opkg update
opkg install wireguard

#Assuming you know how to copy they keys, and use them
#Key genUmask 077
wg genkey | tee server_private_key | wg pubkey > server_public_key
wg genkey | tee client_private_key | wg pubkey > client_public_key

Option 1. Using OpenWRT's UCI interface to setup everything
uci set network.wg0="interface"
uci set network.wg0.proto="wireguard"
uci set network.wg0.private_key="local_privet_key"
uci set network.wg0.listen_port="51820"
(Server) uci add_list network.wg0.addresses="10.1.2.1/32"
(Client) uci add_list network.wg0.addresses="10.1.2.2/32"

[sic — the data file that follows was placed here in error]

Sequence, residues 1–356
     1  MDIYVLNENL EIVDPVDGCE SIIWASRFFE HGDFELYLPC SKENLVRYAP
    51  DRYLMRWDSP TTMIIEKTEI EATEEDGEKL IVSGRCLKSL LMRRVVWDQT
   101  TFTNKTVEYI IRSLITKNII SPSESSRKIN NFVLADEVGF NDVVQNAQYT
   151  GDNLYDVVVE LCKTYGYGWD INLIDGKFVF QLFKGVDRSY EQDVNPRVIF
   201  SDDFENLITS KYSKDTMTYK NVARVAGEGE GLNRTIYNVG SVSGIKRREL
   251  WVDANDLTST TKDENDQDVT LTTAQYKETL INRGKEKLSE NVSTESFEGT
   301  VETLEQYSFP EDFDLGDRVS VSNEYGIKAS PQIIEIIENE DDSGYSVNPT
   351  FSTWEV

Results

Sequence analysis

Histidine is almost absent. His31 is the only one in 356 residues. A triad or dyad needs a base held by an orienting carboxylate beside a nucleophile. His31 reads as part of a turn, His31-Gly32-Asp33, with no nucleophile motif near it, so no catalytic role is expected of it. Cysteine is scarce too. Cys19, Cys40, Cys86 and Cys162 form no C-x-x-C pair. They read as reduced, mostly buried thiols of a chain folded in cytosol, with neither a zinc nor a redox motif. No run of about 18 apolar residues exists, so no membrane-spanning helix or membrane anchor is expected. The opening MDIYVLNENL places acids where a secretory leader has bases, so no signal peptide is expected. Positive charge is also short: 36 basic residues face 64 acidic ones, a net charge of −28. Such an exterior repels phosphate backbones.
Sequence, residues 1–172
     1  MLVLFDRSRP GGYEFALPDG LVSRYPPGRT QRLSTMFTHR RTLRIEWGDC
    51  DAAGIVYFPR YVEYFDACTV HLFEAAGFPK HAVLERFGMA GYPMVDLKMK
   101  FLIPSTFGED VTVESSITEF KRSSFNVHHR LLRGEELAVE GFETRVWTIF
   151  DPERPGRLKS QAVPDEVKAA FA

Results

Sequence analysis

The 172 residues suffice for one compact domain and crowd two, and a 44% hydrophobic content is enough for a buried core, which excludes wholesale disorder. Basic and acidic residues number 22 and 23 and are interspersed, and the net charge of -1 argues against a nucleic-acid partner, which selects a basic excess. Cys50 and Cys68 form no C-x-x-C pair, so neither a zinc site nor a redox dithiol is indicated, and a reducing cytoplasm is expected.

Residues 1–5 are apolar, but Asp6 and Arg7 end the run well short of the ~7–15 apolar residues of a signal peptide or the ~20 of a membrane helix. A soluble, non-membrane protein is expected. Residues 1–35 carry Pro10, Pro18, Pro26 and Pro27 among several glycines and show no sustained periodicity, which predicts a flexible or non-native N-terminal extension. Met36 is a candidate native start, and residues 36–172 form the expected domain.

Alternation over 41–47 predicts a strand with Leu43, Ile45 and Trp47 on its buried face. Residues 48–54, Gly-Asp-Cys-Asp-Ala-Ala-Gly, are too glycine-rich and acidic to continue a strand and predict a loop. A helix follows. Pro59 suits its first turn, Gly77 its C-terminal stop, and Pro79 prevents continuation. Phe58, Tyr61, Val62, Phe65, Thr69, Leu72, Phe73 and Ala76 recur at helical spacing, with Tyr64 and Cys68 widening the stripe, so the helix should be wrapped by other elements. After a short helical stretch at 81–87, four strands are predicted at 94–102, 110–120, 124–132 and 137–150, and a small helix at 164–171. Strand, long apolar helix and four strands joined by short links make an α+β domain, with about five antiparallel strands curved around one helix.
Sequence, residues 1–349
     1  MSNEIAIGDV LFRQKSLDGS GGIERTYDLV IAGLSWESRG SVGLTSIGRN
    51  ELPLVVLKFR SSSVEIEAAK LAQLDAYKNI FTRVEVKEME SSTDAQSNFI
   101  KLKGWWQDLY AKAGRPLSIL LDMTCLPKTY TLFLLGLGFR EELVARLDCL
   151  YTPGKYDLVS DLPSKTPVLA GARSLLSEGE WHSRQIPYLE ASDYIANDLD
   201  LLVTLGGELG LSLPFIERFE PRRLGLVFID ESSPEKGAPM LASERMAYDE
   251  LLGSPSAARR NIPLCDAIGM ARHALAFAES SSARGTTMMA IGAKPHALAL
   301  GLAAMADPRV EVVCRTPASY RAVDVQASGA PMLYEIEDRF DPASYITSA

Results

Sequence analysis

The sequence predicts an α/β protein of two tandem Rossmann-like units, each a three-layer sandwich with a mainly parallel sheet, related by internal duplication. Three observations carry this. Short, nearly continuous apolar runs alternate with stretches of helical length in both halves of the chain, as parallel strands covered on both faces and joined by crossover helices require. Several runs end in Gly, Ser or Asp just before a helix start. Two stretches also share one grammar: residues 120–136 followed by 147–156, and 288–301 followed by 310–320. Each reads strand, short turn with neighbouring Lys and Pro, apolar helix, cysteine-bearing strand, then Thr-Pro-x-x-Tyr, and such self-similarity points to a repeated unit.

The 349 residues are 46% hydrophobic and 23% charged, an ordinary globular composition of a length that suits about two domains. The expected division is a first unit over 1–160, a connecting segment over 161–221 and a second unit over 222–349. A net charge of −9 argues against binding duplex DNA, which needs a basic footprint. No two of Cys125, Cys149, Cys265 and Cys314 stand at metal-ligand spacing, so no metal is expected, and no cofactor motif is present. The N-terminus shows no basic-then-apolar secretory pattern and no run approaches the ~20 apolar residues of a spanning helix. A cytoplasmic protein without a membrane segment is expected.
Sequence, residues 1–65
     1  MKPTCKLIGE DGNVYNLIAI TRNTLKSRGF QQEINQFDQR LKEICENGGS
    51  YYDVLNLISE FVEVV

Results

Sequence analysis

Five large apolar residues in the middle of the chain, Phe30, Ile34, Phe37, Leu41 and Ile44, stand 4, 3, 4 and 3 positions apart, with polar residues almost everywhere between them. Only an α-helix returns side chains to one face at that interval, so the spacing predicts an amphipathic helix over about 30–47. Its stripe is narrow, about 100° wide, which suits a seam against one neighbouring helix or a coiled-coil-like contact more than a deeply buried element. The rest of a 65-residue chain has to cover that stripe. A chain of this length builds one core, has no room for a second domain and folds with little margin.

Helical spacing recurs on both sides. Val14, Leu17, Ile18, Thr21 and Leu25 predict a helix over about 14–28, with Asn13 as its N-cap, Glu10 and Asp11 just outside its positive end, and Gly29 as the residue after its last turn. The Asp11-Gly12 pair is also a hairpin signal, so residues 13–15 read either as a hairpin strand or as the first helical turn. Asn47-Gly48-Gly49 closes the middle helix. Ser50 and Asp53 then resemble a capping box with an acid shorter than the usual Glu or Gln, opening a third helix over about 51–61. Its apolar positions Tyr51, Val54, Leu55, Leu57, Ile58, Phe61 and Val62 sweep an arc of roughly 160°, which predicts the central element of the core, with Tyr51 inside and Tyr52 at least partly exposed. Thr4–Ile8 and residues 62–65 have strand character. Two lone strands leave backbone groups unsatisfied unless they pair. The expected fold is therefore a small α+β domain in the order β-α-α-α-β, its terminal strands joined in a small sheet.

uci add network wireguard_wg0
uci set network.@wireguard_wg0[-1].public_key="other_side_public_key"
uci set network.@wireguard_wg0[-1].route_allowed_ips="1"
(Server) uci add_list network.@wireguard_wg0[-1].allowed_ips="10.1.2.2/32"
(Server) uci set network.@wireguard_wg0[-1].endpoint_host="fooA.mywebsite.com"
(Client) uci add_list network.@wireguard_wg0[-1].allowed_ips="10.1.2.1/32"
(Client) uci set network.@wireguard_wg0[-1].endpoint_host="fooB.mywebsite.com"
uci commit network
/etc/init.d/network restart
sleep 2s

Option 2. Manually bringing up a wg0 interface
ip link add wg0 type wireguard
(Server) ip addr add 10.1.2.1/32 dev wg0
(Client) ip addr add 10.1.2.2/32 dev wg0
wg set wg0 listen-port 51820 private-key big_long_local_privet_key_goes_here
ip link set wg0 up
(Server) wg set wg0 peer big_long_other_side_public_key_goes_here allowed-ips 10.1.2.2/32 endpoint fooA.mywebsite.com:51820